The entire world senses a war is imminent. In Canada, public opinion is divided, voices are raised and scathing attacks are printed in the newspapers. At the Manor, the mysterious debates seem to revolve around a big sales contract of high protein biscuits for soldiers. Francis Leahy and his young spouse’s honeymoon is unexpectedly disturbed when one of the guests is found dead. This will be the first of a series of suspicious deaths leading Francis Leahy, Quebec's Sherlock Holmes, to investigate.
     
    With this second novel, the author Antoine Yaccarini once more draws a new and compelling portrait of 19th century Quebec with his usual acerbic humour.

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  • The memories, journals, reports, war letters and war novels written by World War II French Canadian combatants has raised little interest among historians and are mostly unknown by the public. This work comes and goes between the writings of combatants and historiographic knowledge to create a balance between what was lives and what was studied and analyzed.

    The author begins by explaining the method he used to approach each evidence and put his theory in perspective by inscribing it among those of other historians like Charles Ardant du Picq, Jean Norton Cru, John Keegan abd Stéphane Audoin-Rouzeau who wrote the foreword of this book.

    By reading this work, we learn in which conditions lives those infantrymen, artillerymen, seamen and aviators who fought in Italy and western Europe or were held prisoner in Japan or Germany. We can see the violence they suffered and inflicted on the battlefield or in prisoner camps, the fear they experienced, the starvation and hardships they endured and we can understand better the means by which they held on.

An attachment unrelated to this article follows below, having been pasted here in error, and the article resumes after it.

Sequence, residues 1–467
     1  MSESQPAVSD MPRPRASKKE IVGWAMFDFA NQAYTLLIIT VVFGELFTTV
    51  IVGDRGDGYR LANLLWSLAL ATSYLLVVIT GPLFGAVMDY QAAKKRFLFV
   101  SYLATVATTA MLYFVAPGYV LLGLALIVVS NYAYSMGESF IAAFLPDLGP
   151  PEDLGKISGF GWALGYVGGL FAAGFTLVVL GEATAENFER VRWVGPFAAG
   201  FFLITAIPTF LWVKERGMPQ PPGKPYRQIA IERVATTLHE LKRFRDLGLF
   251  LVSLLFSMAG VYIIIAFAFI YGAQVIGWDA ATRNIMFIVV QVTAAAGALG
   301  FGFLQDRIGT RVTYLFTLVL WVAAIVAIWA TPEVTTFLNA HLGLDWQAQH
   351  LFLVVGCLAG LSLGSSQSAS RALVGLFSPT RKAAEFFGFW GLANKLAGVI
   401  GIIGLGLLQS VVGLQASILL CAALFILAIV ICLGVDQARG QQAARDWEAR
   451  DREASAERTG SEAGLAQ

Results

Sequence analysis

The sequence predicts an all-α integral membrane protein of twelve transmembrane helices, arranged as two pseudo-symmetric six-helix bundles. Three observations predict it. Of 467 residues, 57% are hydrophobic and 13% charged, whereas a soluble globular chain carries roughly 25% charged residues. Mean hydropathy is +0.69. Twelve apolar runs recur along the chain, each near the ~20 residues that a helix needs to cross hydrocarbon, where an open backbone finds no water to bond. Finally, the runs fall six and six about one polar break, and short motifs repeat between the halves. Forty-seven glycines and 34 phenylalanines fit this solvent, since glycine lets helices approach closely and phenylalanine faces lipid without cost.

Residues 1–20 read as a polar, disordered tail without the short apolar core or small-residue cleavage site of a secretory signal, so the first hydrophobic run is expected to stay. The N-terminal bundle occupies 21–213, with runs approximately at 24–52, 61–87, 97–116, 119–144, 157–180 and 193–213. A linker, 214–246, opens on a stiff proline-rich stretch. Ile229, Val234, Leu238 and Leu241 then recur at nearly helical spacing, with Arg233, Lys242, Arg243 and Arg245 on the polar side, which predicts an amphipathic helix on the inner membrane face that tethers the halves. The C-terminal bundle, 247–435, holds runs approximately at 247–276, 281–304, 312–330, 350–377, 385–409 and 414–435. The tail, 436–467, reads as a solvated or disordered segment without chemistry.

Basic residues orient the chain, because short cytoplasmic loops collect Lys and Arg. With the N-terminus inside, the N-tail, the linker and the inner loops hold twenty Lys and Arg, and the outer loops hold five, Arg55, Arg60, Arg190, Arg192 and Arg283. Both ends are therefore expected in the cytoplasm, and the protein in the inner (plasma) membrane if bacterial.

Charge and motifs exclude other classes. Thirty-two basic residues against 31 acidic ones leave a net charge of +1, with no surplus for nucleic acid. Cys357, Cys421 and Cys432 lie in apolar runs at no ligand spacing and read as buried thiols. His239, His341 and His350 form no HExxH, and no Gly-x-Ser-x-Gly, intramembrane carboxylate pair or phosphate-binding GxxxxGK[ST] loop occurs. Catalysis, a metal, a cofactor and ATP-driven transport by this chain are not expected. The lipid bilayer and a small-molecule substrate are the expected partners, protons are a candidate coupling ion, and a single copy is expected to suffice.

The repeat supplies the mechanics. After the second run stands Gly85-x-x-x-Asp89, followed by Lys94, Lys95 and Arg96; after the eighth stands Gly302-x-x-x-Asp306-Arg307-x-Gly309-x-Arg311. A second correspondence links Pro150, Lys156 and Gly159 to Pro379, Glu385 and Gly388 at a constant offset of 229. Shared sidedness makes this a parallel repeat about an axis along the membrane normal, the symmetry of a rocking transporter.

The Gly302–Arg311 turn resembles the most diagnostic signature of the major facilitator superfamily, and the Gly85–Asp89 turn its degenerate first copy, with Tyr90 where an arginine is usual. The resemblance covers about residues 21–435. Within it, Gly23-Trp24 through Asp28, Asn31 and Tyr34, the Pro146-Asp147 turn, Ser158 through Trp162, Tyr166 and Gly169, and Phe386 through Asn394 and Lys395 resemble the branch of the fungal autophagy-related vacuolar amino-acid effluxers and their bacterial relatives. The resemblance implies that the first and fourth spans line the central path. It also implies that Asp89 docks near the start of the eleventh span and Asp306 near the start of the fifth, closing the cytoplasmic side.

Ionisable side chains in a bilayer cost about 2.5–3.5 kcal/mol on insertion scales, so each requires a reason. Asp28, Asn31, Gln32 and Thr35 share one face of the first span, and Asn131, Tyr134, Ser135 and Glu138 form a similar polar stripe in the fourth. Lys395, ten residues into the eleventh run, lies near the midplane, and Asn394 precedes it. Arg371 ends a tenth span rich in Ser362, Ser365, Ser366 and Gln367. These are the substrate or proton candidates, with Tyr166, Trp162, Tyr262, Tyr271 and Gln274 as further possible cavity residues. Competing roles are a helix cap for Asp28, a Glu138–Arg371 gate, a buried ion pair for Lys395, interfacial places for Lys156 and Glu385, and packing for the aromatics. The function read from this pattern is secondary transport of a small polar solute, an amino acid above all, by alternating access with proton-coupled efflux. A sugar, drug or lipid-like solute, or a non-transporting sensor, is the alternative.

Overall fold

Finally, those evidences show us in words the atrocities of war, just like some movies already did in images. It is an essential work that makes those strong stories available to a larger public and shows another face of this war most often seen through the eyes of the historians.

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  • Three children. A tyrannical father. An absent mother. A story about innocence, revenge and rebirth through a tortuous path.

    “I live in a modern Tower of Babel. The languages spoken by its inhabitants remind me of all these places that still need to be discovered.
    My flat looks like an office, so clean, so white, so anonymous.
    I’m an attractive woman who lives a successful life.
    At night, I dream that I get up, run to the door, and open it… onto a brick wall.
    On the other side are journeys out of reality, beyond what’s visible. 
    I occupy the space that has been allotted to me: a small, unique, essential piece to complete a jigsaw.
    I have finally arrived in this world because I’m complete.”